SUMMARY COMPENSATION TABLE

The following table sets forth information concerning compensation of our Chief Executive Officer, Chief Financial Officer, and the other three most highly compensated executive officers (the “named executive officers”), all of whom were serving as executive officers of the Company as of December 31, 2017, except for Mr. Traverso, who served as an executive officer through the first quarter of 2017, following which time he continued as an employee1.
Name and Principal Position
Year
Salary
Stock Awards 3
Option Awards 2
Non-Equity Incentive Plan Compensation ($) 3
All Other Compensation 4 
Total

James B. Hawkins
Chief Executive Officer

2017
2016
2015

$820,000
750,000
700,000

$4,106,400
3,999,905
2,811,120

$--
--
--
$ 0
   985,502
1,080,301

$6,144
6,064
7,522

$4,932,544
5,741,471
4,598,943
Jonathan A. Kennedy
Senior Vice President Finance and Chief Financial Officer

2017
2016
2015

490,000
440,000
410,000
1,113,600
1,000,090
792,159
--
--
--
           0
375,195
410,514
5,578
5,560
4,250
1,609,178
1,820,845
1,616,923
Austin A. Noll, III
Vice President, General Manager, Neurology
2017
2016
2015
370,000
340,000
320,000
556,800
530,075
419,866

--
--
--
           0
139,859
197,060
6,020
1,242
   828
   932,820
1,011,176
   937,754
Kenneth M. Traverso
Vice President, General
Manager, Newborn Care
2017
2016
2015
340,000
330,000
310,000
501,120
500,045
225,000

--
--
--
          0
225,229
156,055
7,124
7,072
4,319
  848,244
1,062,346
   945,008
D. Christopher Chung, M.D.
Vice President Medical Affairs, Quality and Regulatory
2017
2016
2015

310,000
286,000
277,000
320,160
299,845
237,504
--
--
--
          0
146,637
152,083
6,020
5,992
6,114

 
636,180
742,474
673,906


(1) Each of the named executive officers has an Employment Agreement with us that provided for an initial base salary that is subject to subsequent review and to adjustments. These agreements provide that the executive’s employment with us is on an “at will” basis. These agreements also provide for certain payments and other benefits upon termination of employment in certain circumstances, as further described under “Employment Agreements and Change in Control Arrangements” in the “Compensation Discussion and Analysis” above, and in the “Potential Payments Upon Termination or Change in Control” section below.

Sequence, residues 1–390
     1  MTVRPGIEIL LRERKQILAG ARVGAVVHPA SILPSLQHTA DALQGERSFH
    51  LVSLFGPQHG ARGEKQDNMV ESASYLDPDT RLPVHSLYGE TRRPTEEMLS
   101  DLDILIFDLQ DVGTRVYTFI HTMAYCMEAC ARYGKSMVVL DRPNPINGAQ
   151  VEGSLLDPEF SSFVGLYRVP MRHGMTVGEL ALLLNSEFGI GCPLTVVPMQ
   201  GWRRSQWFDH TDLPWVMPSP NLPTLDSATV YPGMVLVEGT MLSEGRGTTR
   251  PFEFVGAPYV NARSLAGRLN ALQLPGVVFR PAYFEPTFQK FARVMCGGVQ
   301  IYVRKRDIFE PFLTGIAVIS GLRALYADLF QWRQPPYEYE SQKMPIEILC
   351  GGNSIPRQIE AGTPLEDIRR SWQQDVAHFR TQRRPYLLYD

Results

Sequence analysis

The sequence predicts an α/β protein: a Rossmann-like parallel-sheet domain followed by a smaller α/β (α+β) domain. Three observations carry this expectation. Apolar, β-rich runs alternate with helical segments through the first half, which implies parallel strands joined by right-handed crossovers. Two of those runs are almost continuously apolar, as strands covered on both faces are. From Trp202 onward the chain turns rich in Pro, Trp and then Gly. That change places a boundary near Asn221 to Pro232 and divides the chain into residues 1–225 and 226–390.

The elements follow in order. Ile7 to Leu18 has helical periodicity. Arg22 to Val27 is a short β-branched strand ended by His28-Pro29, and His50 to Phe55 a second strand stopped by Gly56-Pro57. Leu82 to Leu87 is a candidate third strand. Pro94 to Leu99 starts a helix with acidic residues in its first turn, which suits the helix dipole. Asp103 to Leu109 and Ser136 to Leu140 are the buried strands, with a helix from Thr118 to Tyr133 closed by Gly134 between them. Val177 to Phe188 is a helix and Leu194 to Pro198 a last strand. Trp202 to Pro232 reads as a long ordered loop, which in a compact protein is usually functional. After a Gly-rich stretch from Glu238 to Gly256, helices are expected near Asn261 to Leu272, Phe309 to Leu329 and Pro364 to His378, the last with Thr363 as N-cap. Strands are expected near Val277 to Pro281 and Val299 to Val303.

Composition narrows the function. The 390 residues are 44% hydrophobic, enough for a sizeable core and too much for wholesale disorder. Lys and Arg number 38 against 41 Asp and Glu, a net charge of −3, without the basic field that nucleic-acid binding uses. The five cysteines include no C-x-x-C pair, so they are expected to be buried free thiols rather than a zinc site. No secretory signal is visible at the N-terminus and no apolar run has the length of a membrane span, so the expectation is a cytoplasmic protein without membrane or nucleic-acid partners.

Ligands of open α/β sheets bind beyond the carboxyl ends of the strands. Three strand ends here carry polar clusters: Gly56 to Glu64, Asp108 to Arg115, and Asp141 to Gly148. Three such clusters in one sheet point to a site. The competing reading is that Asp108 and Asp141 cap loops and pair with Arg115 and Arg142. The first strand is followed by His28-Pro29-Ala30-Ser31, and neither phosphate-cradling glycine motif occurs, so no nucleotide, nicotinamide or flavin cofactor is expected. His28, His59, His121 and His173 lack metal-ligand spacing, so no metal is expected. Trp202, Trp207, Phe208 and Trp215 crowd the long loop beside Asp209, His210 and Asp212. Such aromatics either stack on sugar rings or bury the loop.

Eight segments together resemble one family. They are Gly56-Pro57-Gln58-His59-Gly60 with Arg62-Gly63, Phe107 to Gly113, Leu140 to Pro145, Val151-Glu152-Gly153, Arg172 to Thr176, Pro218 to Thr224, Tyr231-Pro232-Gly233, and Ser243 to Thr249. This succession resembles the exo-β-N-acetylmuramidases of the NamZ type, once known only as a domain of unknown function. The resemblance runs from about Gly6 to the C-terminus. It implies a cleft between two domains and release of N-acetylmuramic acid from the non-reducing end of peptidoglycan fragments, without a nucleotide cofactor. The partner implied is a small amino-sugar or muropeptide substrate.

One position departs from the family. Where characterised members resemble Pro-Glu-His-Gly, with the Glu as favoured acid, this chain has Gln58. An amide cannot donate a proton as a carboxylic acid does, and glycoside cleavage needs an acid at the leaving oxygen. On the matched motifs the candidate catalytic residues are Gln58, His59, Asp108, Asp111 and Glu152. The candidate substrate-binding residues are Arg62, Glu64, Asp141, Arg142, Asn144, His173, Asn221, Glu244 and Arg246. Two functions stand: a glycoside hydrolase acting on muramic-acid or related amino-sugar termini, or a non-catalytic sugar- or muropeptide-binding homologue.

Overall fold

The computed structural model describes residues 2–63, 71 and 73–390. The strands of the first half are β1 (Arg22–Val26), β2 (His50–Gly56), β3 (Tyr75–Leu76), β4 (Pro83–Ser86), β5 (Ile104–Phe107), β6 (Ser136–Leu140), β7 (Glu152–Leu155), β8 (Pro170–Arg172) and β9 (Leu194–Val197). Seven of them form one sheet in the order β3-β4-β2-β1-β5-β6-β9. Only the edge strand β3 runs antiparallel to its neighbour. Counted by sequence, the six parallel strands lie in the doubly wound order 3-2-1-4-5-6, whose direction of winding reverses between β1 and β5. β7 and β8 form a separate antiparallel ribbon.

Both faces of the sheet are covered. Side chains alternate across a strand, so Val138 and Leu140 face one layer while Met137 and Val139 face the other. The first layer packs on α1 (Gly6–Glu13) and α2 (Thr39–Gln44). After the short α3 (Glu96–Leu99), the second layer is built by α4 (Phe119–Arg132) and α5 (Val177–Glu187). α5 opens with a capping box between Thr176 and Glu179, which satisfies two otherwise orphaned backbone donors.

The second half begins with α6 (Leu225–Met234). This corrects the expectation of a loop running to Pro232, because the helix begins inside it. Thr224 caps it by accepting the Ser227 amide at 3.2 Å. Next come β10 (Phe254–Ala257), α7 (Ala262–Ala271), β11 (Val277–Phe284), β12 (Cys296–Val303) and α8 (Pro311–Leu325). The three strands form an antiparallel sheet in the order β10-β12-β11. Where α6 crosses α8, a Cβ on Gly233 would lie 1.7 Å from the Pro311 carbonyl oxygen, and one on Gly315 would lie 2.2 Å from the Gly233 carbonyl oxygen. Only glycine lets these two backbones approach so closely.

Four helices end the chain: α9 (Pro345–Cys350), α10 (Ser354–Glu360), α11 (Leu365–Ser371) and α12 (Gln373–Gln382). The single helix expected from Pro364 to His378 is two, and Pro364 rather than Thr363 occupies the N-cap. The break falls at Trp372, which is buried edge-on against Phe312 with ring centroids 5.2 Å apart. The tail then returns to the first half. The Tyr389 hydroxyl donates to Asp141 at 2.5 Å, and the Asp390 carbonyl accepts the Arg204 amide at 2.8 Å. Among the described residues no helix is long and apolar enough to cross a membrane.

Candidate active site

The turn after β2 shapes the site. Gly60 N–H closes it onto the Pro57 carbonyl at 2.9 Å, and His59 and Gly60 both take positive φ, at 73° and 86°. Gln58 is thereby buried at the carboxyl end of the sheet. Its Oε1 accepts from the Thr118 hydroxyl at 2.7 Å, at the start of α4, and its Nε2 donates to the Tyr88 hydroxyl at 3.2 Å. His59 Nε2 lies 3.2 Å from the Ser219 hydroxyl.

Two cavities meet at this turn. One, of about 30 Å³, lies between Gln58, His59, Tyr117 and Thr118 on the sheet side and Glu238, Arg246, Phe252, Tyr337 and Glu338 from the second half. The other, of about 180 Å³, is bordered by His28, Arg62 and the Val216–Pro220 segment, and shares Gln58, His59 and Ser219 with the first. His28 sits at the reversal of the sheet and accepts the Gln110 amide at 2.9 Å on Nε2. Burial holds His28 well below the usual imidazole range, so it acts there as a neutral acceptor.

(2) The amounts included in the “Stock Awards” and “Option Awards” columns represent the grant-date fair value of the awards on the date of grant, computed in accordance with ASC Topic 718, except that in the case of option awards, a forfeiture rate of zero percent has been used. The assumptions we use in calculating these amounts, other than the exclusion of the impact of estimated forfeitures, are discussed in Note 14-Share Based Compensation of the Notes to our consolidated financial statements included in our Annual Report on Form 10-K for the year ended December 31, 2017. See the “Grants of Plan Based Awards Table” for more information regarding the equity awards granted by the Company in 2017. Refer to the “Compensation Discussion and Analysis” above for a discussion of these awards.